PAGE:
“This is how men are,” repeatedly remark the cast of Hudson Warehouse’s current production of Trojan Women. The play relates a relevant and piercing narrative of war, both between the sexes and on the international scale. This is a strong adaptation of the work of Euripides, reflecting an important theme in a meaningful dramatic manner. Nicholas Martin-Smith’s play is based on the original Euripides text, but he updates it with contemporary motifs. We meet the women of Troy, who have already been wrecked and ravaged by the invasion of the Greeks. Their men have all been slaughtered save one, and they are without recourse to protect themselves from being thrown into slavery or worse. Talthybius, a Greek political figure, has come to inform the women of their fate. They try to share the horrors of what they have experienced while also attempting to fight back against their circumstances.
Despite the classical tale, the piece feels very twenty-first century. Its costumes are predominantly reflective of current styles and the narrative is sprinkled with modern references, from popular music to current events. Although the performance’s strongest moments are those that are deeply connected to the original Greek text, the details that are included which refer to contemporary society keep the piece feeling relevant. This play is not meant as a museum piece or a historical document. It is a clear reflection of this particular moment in time.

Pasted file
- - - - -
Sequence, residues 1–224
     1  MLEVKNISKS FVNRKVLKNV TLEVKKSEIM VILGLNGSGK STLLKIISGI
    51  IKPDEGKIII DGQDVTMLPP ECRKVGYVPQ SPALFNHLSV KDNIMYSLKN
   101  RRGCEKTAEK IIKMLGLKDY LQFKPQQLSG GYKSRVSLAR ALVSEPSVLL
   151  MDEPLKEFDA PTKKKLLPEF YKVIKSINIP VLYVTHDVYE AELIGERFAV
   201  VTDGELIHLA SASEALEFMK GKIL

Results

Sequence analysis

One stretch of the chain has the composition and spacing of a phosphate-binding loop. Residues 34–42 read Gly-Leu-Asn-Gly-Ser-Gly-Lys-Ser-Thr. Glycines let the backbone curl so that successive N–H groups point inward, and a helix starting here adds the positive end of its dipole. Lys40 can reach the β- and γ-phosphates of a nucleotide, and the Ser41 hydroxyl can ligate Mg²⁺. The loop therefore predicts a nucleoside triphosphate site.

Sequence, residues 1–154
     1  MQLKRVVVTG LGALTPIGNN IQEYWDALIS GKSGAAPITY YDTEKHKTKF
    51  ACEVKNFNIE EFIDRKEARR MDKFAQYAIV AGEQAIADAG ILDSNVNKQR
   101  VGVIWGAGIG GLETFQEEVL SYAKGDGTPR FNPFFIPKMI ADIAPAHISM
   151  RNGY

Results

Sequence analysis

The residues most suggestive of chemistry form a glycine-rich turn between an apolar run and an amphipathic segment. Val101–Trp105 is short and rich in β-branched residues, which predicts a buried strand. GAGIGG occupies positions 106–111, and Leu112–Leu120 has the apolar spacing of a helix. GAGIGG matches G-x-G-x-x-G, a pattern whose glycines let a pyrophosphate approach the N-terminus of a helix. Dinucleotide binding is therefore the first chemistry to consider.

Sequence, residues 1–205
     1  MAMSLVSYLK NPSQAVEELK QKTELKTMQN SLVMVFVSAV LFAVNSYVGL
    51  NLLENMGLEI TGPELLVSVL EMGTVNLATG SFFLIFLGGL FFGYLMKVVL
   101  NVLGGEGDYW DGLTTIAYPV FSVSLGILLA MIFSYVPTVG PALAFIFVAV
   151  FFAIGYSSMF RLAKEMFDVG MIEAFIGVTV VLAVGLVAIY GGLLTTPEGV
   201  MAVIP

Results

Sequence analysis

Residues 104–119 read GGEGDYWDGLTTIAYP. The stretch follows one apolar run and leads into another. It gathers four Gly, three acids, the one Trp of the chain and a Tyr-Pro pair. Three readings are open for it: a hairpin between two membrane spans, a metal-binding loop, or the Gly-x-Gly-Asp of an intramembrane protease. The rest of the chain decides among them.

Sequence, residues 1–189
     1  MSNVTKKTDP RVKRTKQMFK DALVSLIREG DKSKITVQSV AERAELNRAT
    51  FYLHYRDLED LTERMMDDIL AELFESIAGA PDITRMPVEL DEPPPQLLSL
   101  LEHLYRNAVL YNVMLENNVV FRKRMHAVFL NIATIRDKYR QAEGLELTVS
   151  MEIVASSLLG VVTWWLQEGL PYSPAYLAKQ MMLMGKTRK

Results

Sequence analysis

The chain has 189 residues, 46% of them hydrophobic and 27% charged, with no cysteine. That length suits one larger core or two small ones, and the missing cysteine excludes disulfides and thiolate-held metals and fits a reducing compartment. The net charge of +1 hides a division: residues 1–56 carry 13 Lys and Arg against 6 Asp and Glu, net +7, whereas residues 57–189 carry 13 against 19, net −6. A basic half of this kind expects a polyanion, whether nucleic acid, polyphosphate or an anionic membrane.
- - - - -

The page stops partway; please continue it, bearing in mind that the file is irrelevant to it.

The chorus of women, led by Hecuba, is pitted against the Greek men. The players all give powerful renderings of their characters and Ruth Nightengale’s Hecuba is exceptionally heart-wrenching in her performance, particularly in the play’s final moments. All of the actors bring an intense amount of believability to their performances and engage the audience in the narrative arc. The men are rough, even when they are smooth politicians, which brings a complexity to the work. There is great conflict created between the groupings of characters. We can feel the anxiety of these two groups being forced to come face-to-face with one another. The sexes cannot find common ground and neither can the Greeks and Trojans. They are on separate sides and will not find a way to make peace.
The play uses its outdoor setting well. There is the sense of witnessing an ancient Greek tragedy in the manner in which it was originally designed to be presented: in the open-air, lit by the waning hours of daylight. The stone stage space is littered with the detritus left behind after the attack; there is trash everywhere, especially the remnants of devices once used to make contact, such as telephones and a computer. The women (and men) are also marked by the war’s devastations – their bodies are covered in blood and dirt, their clothes are torn, and their general appearance is disheveled. No one has been left untouched by this war.
This production is a work of political theater, but one that operates in a manner that is neither didactic nor heavy-handed. It uses the form of drama to convey a theme about the dangerous consequences of warfare. At its heart, however, this work is about human beings and what they are capable of doing to one another. They can kill one another brutally, but they can also love one another deeply. It is a choice which force wins out over the other.